Brittany Howard’s first solo album overflows with power

Former Alabama Shakes singer Brittany Howard’s first solo album, Jaime, puts race, gender, and religion center stage.



Alabama Shakes singer Brittany Howard performs at the 58th Annual Grammy Awards on Monday, Feb. 15, 2016, at the Staples Center in Los Angeles. (Robert Gauthier/Los Angeles Times/TNS)

Austin J. Yerington, Arts Reporter

At 30 years old, Brittany Howard has already made a massive impact in the music industry as the former lead singer of Alabama Shakes, but after her first album as a solo artist, Jaime, it is evident that she will keep changing the business with her unique and resonant sound.

Jaime is an album about religion, love, and race. Howard’s intoxicating vocals meld with the many of the snippets of recorded sermons sprinkled throughout, all with biblical sounding synths and reverbs.

The album begins with the rumbling of a single snare. A full drum kit and funky keys soon follow, turning into a ‘70s style swing with track “History Repeats.” Then “He Loves Me” takes its turn, introducing religion into the album.

In the song, Howard talks about her experiences with love and her faith and where it differs from what may be seen as conventional religion. This track is the weakest of the 11 songs on this album. It suffers from a boring lyrics and a shallow depth, its greatest strength being the interwoven audio tears and guitar breaks.

But the album then finds new breath that builds with each songs once “Georgia” starts. This slow and groove-heavy love song details a person desperate for the attention of their crush, with each section of Howard singing “I just want Georgia to notice me” building with each repetition.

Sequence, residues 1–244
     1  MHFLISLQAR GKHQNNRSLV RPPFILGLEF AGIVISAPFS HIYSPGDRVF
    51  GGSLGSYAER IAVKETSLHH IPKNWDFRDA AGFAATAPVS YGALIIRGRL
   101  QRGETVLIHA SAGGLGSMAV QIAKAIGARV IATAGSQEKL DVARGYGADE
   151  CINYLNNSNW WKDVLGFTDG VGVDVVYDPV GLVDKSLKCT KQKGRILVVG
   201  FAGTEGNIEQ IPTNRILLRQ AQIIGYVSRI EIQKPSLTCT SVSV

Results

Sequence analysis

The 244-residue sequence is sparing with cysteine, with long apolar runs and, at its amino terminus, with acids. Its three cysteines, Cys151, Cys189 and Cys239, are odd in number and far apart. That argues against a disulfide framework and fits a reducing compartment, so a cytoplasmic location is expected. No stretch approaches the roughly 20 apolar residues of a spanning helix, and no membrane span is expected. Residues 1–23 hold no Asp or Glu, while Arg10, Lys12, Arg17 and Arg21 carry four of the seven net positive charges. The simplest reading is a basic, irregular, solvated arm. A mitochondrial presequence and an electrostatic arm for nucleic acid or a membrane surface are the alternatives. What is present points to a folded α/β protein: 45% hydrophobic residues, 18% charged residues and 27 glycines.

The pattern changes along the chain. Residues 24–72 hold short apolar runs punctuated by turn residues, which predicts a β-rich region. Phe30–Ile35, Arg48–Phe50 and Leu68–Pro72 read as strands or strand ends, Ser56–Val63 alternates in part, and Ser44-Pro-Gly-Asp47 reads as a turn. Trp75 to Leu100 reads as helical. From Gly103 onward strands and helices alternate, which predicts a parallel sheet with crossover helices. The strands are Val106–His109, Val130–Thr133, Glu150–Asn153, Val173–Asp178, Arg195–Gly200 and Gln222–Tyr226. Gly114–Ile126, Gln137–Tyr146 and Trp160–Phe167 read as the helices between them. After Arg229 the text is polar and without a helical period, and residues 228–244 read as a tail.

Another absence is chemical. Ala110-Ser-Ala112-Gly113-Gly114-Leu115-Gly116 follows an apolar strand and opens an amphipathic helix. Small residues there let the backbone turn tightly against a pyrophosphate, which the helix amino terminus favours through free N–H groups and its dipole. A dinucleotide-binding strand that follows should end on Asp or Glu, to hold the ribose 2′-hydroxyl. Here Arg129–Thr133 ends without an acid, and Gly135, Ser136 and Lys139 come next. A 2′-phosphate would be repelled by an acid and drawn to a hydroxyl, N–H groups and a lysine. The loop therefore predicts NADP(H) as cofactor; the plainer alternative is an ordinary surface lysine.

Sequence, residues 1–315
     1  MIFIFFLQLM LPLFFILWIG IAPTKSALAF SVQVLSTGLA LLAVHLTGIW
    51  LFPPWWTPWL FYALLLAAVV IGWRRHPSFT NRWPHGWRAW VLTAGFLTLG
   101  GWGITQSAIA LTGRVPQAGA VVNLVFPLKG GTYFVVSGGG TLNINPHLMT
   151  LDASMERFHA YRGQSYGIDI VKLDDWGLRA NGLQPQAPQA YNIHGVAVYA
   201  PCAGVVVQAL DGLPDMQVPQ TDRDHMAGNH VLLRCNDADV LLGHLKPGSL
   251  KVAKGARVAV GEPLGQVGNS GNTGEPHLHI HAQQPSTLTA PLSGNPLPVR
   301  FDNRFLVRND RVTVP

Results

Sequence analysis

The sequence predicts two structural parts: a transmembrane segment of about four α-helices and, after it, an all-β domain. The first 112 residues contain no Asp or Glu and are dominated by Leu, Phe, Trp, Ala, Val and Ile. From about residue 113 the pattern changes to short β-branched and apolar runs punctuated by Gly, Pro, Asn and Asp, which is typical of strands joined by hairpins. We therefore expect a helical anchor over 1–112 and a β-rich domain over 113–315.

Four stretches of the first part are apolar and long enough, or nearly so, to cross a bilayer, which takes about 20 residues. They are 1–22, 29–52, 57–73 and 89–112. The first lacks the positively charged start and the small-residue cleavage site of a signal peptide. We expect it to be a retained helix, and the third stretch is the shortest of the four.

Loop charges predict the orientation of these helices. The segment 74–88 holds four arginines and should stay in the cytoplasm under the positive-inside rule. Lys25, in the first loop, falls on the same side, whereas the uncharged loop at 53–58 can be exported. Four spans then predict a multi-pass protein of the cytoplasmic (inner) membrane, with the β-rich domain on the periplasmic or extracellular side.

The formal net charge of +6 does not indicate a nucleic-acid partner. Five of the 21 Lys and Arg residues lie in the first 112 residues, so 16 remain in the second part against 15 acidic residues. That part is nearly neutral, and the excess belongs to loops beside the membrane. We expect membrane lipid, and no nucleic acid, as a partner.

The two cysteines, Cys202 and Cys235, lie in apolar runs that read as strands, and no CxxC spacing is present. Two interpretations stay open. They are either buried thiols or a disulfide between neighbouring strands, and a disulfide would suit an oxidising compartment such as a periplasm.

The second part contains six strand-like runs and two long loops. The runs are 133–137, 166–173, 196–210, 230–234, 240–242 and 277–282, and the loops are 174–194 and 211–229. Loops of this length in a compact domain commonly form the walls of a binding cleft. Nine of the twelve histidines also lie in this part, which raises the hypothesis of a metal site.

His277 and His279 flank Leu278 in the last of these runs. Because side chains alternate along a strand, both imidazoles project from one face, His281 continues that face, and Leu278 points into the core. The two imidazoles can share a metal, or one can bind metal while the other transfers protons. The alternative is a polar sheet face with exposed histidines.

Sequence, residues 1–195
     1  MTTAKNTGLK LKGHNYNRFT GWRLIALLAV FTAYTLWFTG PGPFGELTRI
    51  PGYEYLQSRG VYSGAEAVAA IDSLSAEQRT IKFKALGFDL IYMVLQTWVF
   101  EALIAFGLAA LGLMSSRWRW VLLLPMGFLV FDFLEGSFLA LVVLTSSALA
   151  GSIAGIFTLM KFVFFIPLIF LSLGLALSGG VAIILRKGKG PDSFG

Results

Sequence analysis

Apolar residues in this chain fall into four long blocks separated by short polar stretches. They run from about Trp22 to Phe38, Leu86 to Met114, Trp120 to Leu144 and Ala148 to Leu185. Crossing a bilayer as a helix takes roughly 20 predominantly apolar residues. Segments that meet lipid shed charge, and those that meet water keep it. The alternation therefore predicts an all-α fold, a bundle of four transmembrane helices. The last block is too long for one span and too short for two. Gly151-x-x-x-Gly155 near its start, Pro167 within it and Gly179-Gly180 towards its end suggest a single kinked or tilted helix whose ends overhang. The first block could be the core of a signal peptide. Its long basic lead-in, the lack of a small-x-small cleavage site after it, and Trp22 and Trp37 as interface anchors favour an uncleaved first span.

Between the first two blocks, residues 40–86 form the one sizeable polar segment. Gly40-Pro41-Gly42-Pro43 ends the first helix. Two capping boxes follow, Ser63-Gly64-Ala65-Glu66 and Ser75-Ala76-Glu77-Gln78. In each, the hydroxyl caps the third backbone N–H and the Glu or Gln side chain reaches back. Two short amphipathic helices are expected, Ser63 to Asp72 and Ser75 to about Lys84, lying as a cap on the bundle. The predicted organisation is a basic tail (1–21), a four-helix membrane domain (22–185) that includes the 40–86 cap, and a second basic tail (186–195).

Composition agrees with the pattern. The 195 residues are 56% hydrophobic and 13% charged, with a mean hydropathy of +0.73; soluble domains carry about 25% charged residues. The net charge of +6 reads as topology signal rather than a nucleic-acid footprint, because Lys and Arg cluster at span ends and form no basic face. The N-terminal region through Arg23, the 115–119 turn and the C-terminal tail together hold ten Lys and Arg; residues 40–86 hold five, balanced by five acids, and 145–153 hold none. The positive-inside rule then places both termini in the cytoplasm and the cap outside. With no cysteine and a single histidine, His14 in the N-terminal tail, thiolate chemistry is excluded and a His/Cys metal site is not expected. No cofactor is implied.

Jaime does a great job building peaks and valleys for the listener to experience. Each track compliments the last with a different energy, yet common thread of intent. The song that I have caught myself listening to dozens of times since my first play have been “Short and Sweet.” This track is a simple, soft spoken song that packs so much in its minimalist production. Howard’s voice in this track seems as if it is coming from the very room you are sitting in, with you as the only audience member.

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After this emotional one person show, “13th Century Metal” begins. It starts with electronic tones clucking like sci-fi typewriters. Soon, Howard starts a prayer of sorts, or an oath. This prayer is a promise to protect others and practice nonviolence to every prevailing spirit. It builds as Howard chants to a chaotic out pour, but this just slows and leads to another strong and groovy song on this album, “Baby.”

“Baby” slides and bumps, with Howard enunciating words such as “equality” as the bass bounces. Once this ends, Goat Head begins, a track that discuss race, and society’s assumed expectations of one’s race with lyrics such as “My heroes are black/So, why God got blue eyes?”

“Presence” is the penultimate song from Jaime. This song, like the one prior, and much of the album, talks about race and love for a significant other. “You make me feel so black and alive,” Howard sings in this track.

The final song, “Run to Me,” is a haunting track on all fronts. The musicality of the tune is drawn out, the reverb heavy with a drumming, striking heartbeat throughout. Howard sings with such a jagged and howl-like edge that added more of this sad and fearful end. The lyrics speak of the loneliness that can come with “being free and wild.”

Jaime is an album that shows an artist at their most experimental to date. The album’s journey can take the listener to places they haven’t heard in modern music for a long time. Jaime feels both grand at parts, but deeply personal and intimate in others. This album is sure to create a following with all generations and will find life long past this year’s Billboard charts.